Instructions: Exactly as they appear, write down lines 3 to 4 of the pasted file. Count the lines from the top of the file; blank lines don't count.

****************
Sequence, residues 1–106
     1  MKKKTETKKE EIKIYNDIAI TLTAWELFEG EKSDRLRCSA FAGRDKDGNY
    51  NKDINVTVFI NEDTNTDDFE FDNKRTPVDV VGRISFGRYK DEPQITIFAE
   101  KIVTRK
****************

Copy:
    51  NKDINVTVFI NEDTNTDDFE FDNKRTPVDV VGRISFGRYK DEPQITIFAE
   101  KIVTRK